The resulting I - V characteristic indicates that there is an additional problem in the pn junction + capacitor circuit - there is no capacitance, which indicates a capacitor breakdown.
The points highlighted in yellow are connected to pin 3 of the U1 microcircuit as they have the same VAC.
The difference between the I - V characteristic of the tested board and the reference one at the points marked in blue and red is most likely due to a problem in the U1 microcircuit. Therefore, we will try to determine what kind of microcircuit it is. To do this, you need to use the diagram or the list of components for the board.
According to the BOM on the board, U1 is an LD3985M33R chip, a 3.3V voltage converter with a maximum input voltage of 6V. Probably, a voltage higher than 6V was accidentally applied to the board, which led to the failure of the microcircuit.
According to the datasheet for the LD3985M33R chip, pin 1 is the input, pin 3 is the Enable signal to control the chip, and pin 4 is needed to minimize the noise of the internal reference voltage.
We measured the output voltages on the reference board and on the faulty one on pins 1, 4 and the Enable signal on pin 3.
On the faulty board, there was a voltage drop at pins 1 and 3 at 0.4 V, this indicates that the microcircuit was partially burned out. Considering that the microcircuit produces the correct output voltage but at the same time it has a low internal resistance, the output current of the microcircuit is very small and it is not enough for the operation of the ST-Link programmer microcircuit.
After removing the microcircuit from the board, the voltage at the input contact immediately increased to 4.9V, that is, to the USB supply voltage, which means that the cause of the voltage drop was eliminated.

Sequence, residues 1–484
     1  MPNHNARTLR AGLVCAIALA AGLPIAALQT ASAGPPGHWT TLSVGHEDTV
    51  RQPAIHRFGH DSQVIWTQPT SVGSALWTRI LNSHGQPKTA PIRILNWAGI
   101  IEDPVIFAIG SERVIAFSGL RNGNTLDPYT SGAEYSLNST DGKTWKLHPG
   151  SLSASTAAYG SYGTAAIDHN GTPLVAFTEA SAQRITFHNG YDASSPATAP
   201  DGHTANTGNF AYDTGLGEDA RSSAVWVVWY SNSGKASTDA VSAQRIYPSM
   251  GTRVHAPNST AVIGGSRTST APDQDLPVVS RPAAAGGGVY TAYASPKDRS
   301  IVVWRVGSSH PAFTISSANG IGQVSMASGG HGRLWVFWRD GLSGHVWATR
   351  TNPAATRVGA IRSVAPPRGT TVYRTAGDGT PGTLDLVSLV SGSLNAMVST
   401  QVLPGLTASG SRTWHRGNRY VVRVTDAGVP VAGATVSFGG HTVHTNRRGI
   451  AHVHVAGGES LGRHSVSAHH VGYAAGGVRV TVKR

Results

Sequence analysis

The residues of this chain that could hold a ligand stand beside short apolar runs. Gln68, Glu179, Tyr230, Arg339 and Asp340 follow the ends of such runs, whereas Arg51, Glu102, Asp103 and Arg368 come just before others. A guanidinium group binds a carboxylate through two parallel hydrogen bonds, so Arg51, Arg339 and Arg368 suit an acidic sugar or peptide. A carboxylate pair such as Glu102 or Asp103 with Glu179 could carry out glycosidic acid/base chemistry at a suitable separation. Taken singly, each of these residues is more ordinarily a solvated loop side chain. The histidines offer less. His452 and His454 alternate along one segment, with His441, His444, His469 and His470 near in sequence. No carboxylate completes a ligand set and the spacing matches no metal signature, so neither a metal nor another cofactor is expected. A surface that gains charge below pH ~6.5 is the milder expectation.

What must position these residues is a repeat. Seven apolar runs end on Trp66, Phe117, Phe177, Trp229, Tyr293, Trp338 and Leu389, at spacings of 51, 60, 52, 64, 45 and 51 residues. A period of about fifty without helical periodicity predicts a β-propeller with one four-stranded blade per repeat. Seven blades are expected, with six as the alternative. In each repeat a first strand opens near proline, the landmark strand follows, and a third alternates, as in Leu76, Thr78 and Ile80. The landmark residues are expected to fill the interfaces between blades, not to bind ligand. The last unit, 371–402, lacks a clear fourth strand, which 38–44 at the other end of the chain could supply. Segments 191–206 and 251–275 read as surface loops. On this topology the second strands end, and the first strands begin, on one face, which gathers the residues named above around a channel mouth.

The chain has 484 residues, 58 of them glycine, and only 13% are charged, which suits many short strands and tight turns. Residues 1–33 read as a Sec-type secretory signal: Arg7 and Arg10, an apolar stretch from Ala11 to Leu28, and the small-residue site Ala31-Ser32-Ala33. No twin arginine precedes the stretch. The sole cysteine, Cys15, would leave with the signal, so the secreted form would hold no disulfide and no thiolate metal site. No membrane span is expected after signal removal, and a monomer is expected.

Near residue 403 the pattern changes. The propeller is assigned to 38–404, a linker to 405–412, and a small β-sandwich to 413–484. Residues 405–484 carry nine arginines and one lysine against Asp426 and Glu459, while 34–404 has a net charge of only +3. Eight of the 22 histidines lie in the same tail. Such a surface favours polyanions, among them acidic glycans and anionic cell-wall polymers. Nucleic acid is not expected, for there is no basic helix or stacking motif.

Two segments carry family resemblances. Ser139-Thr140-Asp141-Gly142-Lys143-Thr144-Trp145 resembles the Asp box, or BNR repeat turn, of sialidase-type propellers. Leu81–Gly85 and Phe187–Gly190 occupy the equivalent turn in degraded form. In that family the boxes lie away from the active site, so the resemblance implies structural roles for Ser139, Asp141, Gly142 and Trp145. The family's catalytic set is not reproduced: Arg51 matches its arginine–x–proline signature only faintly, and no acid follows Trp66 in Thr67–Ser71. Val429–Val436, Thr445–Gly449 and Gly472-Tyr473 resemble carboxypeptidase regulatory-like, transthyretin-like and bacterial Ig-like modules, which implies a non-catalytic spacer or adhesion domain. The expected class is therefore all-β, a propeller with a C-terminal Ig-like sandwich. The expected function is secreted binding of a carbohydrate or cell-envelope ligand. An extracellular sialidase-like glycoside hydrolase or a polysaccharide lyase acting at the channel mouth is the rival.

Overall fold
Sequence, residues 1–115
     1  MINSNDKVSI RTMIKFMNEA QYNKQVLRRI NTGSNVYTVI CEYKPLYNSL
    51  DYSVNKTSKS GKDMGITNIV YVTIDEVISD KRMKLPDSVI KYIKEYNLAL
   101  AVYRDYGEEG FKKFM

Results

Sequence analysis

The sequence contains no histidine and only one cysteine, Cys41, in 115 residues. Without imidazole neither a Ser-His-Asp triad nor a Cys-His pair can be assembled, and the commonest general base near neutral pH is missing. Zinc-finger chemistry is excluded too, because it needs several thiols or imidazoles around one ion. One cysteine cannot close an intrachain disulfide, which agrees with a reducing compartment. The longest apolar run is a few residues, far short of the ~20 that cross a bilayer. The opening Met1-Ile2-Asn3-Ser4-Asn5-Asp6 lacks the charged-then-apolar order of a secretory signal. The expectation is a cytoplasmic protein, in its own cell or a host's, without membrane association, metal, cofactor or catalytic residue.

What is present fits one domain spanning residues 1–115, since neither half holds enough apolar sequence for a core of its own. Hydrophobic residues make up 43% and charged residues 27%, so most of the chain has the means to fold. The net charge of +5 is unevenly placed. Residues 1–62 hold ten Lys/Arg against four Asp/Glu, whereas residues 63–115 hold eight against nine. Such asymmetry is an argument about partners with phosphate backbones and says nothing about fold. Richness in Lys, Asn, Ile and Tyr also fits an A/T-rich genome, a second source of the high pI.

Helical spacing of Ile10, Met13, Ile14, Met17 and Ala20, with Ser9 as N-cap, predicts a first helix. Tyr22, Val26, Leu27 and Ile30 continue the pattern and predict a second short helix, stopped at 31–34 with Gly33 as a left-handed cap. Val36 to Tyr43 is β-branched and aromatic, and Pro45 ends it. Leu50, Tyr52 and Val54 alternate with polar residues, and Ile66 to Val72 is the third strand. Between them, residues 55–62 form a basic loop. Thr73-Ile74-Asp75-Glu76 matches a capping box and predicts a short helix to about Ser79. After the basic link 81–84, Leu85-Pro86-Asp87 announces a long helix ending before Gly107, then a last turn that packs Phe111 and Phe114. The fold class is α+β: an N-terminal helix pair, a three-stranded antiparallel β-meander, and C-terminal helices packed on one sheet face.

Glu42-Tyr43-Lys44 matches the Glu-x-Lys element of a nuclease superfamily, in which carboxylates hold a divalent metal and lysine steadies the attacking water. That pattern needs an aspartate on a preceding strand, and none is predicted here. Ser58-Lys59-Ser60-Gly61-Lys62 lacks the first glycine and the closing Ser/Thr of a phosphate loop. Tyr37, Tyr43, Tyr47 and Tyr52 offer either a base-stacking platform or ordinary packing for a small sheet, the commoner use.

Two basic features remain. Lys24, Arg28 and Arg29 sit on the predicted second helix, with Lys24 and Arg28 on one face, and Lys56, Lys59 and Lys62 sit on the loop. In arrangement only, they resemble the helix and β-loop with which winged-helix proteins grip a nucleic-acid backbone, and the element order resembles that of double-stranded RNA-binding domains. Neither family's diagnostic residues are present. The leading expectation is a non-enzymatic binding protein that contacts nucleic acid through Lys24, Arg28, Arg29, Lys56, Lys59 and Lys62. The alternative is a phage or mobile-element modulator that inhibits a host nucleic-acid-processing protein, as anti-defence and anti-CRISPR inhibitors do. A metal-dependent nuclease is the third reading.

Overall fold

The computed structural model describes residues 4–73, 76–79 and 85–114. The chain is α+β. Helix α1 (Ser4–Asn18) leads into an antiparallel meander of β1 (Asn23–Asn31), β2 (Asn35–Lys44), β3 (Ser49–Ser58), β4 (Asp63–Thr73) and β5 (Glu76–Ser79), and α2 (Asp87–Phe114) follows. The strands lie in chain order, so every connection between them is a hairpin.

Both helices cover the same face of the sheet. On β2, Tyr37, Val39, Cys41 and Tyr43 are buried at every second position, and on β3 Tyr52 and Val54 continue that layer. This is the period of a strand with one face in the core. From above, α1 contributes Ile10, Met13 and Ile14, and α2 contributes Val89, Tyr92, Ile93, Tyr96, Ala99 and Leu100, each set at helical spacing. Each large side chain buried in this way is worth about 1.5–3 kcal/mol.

After replacing the microcircuit, the I - V characteristics at the input 1 and output 5 of the microcircuit were checked, but with the help of the EyePoint u22 desktop device (https://eyepoint.physlab.ru/ru/product/EyePoint_u2/) and the epLab program. The resulting I – V characteristics are presented below.
I - V characteristic at pin 1
VAC at pin 5
Checking the pins highlighted in red and yellow showed that the I - V characteristics at these points are the same. However, the I - V characteristics of the pins highlighted in blue are still different.
When connecting the board to a PC, it was found that sometimes it is detected as ST-Link, but there are still problems - the “USB Communication Error” error appears. In this regard, it was decided to retest the blue dots as they are associated with USB operation.
The following I - V characteristics were obtained:
This current-voltage characteristic indicates that the output responsible for one of the USB lines (according to the datasheet on the microcircuit, this is the USB_D- line) behaves incorrectly. This is the cause of the observed error when the device is identified as ST-Link, but with a communication error. Replacing this microcircuit and its firmware will eliminate the error and return the board to correct functioning.